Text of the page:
'''Bobo:''' Wait'll he gets a load of DennisRodman.
* ''Series/OnceUponATime'': [[Disney/SleepingBeauty Aurora]] has a bit of this due to her DeepSleep lasting the entirety of the twenty-eight year curse instead of only a few months. In Storybrooke, [[Disney/BeautyAndTheBeast Belle]] has a similar problem, since her only memory of the "real" world is the almost thirty years of being locked up in [[BedlamHouse the local asylum]].
** Captain Hook/Killian Jones is shown to have issues with modern technology. He insists on calling phones "talking phones" as he thinks just "phones" sounds silly, and admits he doesn't know how they work beyond Emma answering when he hits the right button (if she doesn't answer, then he considers it useless).
* ''Series/TheOuterLimits1963'' did this with the main characters of their TimeTravel episodes ("The Man Who Was Never Born", "Soldier", "Demon with a Glass Hand"), all of whom came from TheFuture to what was then ThePresentDay.
* ''Series/PhilOfTheFuture'' is from TheFuture to the Present.
* ''Series/PowerRangersDinoCharge'' gives us two out of time Rangers with Blue Ranger Koda (a caveman from 100,000 years in the past that was frozen in ice) and Gold Ranger Sir Ivan (a knight that got sealed inside one of the villains for 800 years). Both managed to survive by bonding to the season's MacGuffin and source of power (which grants the wielder eternal youth)
* ''Series/{{Primeval}}'':
** Technically anything that comes through the anomalies is a candidate for this trope, but it is most in evidence when a Medieval Knight comes through and mistakes modern London for {{Hell}} (you can see how he might think that though).
** The knight was actually chasing what he thought was a dragon, which turned out to be a dracorex.
** Two other time travelers, Ethan and Emily, show up in Season 4, but this trope doesn't come into play that much because Ethan [[spoiler: is actually from the present]] and Emily just never seems confused about much of the present things. Except [[SugarWiki/FunnyMoments high-fives]].
* In ''Series/QuantumLeap'' Sam spends the entire series leaping around throughout the past and having to adapt to different times (and being seen as a different person in each).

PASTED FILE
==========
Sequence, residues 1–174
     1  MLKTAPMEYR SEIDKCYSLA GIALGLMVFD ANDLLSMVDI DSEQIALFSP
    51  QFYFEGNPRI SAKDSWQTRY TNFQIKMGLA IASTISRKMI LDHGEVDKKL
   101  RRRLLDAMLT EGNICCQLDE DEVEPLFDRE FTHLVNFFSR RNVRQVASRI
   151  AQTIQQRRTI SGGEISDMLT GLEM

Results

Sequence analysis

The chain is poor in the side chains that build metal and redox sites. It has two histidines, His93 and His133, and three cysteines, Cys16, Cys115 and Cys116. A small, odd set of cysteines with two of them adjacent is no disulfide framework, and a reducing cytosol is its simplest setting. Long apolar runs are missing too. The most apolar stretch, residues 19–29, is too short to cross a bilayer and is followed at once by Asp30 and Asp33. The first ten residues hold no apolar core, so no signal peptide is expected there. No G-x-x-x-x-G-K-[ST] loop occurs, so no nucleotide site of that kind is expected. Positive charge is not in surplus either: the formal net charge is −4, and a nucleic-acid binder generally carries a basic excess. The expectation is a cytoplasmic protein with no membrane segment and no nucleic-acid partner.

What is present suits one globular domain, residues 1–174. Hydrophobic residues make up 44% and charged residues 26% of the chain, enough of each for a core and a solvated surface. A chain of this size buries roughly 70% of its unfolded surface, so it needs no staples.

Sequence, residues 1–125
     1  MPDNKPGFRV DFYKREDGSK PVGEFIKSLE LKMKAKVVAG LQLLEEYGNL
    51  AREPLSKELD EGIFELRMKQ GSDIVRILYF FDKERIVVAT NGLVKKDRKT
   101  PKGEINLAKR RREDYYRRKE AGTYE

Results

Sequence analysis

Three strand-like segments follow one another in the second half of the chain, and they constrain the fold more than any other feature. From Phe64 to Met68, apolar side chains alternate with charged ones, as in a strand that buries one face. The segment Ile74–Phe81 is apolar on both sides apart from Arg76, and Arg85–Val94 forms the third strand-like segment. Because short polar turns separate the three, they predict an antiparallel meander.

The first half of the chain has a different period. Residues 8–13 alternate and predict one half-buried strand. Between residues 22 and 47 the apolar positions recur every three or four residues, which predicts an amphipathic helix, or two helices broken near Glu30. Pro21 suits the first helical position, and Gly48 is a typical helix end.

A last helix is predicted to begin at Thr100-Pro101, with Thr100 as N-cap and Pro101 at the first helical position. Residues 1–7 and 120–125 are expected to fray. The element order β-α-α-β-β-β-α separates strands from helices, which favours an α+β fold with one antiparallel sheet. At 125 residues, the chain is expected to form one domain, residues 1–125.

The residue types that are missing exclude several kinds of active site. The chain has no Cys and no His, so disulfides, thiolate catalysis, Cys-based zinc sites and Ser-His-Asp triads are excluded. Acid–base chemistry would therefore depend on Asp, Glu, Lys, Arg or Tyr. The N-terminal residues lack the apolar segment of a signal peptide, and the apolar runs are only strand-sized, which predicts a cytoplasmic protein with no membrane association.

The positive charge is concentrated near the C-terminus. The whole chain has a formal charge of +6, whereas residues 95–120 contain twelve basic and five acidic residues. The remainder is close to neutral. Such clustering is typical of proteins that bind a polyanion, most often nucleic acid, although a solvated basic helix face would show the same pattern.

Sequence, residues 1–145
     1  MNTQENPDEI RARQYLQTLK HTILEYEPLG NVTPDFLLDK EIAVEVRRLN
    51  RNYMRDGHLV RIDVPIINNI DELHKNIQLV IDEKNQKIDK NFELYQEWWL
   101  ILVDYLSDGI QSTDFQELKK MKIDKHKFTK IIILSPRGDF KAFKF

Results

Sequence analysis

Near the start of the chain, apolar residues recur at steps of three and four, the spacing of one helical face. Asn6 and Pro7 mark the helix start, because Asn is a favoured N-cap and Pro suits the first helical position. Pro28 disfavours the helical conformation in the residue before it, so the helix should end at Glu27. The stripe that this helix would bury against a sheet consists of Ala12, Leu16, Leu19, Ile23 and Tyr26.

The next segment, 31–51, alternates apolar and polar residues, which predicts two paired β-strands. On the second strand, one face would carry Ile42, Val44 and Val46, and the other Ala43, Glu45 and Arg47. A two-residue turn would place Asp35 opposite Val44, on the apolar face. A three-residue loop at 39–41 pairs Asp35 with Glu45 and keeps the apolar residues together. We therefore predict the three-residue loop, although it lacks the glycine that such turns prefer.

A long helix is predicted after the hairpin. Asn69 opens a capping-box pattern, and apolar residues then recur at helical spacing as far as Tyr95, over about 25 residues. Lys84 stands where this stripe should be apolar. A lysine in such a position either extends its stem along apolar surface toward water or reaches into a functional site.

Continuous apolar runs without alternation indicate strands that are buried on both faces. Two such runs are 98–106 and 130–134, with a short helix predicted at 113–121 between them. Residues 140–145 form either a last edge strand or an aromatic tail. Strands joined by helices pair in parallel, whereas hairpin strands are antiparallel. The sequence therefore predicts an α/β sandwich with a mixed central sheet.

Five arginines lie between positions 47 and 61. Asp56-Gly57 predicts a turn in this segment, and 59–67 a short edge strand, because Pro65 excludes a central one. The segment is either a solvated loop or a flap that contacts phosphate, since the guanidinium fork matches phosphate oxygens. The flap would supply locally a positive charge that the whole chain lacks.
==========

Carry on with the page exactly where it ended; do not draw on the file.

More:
* In ''Series/QueenInhyunsMan'', Boong Do, a warrior/scholar in 1694 Korea, is flung forward in time to 2012, where he meets an actress who has been cast in a TV show about the events he was experiencing in 1694.
* In ''{{Series/Rentaghost}}'', Timothy Claypole, a medieval jester, had problems dealing with modern technology while Hubert Davenport, a Victorian gentleman, had trouble adjusting to modern morals.
* Two episodes of ''Series/TheSarahJaneAdventures'' have the cast sent back to an earlier part of Sarah Jane's history, which the Trickster wishes to alter for his own goals.
* ''Series/SaturdayNightLive'' had "Unfrozen Caveman Lawyer", who milked his temporal displacement for all its worth to win cases.
* In an episode of Series/{{Scrubs}}, a man who fell into a coma in TheEighties wakes up and starts moonwalking through the hospital in a Music/MichaelJackson costume while doing a Rubik's cube.
* Ichabod Crane in ''Series/SleepyHollow'', who was put into a magical sleep during the American Revolutionary War and woke up in present day to his bewilderment. Leads to moments such as [[ThrowawayGuns tossing a gun aside]] after taking one shot because he's used to guns that only hold one bullet and can't be reloaded in the middle of a fight, getting pissed off at inaccurate museum tour guides, and locking himself inside cars.
* This happened in a couple episodes of ''Series/{{Sliders}}'', particularly in one of the earlier seasons when the Sliders end up on a world that was ~20 years behind theirs and [[spoiler:Quinn meets his younger self right after his father died]].